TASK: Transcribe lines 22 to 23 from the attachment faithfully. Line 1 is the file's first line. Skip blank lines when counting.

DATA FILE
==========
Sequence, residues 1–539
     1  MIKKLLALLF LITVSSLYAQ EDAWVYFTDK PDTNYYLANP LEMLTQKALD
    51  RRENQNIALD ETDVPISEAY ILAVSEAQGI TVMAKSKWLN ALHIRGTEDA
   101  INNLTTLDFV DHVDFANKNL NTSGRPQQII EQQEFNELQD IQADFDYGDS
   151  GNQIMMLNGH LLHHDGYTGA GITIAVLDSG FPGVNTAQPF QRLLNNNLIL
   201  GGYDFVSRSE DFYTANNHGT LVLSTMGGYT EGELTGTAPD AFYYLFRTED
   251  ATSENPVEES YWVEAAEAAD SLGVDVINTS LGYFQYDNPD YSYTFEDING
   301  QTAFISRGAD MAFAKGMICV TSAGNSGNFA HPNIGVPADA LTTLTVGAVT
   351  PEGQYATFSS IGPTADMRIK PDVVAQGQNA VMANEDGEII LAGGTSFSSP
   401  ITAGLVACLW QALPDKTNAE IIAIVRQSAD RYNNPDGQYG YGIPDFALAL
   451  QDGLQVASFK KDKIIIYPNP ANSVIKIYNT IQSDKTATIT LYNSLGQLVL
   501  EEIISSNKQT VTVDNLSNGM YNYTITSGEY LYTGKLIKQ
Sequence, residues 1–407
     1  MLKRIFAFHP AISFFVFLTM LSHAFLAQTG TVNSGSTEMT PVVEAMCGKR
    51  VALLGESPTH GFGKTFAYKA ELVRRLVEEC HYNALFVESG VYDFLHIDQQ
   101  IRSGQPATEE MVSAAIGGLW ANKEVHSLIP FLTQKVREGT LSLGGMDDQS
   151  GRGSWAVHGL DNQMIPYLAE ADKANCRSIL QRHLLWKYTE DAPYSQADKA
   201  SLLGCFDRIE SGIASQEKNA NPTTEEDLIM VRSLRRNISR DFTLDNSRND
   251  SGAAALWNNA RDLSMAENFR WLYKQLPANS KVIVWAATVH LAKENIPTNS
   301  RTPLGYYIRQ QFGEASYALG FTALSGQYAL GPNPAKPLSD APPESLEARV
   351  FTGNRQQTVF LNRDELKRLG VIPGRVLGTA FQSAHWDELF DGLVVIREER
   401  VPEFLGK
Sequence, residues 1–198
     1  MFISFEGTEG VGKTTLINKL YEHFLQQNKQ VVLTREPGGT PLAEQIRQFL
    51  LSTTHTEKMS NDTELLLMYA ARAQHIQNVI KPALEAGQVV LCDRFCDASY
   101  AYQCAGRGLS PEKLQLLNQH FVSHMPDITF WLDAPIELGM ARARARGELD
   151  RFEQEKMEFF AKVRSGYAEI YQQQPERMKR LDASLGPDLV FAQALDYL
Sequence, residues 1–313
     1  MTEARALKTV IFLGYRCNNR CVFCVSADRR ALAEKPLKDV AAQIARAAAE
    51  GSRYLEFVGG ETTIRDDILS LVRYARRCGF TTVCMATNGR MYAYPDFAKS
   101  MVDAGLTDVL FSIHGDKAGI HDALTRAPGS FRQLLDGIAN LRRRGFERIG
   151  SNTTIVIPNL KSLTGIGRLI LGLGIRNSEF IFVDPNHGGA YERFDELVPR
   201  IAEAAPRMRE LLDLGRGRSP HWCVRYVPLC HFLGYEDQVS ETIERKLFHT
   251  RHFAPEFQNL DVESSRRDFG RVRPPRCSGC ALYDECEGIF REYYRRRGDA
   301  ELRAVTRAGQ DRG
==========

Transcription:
   401  VPEFLGK
Sequence, residues 1–198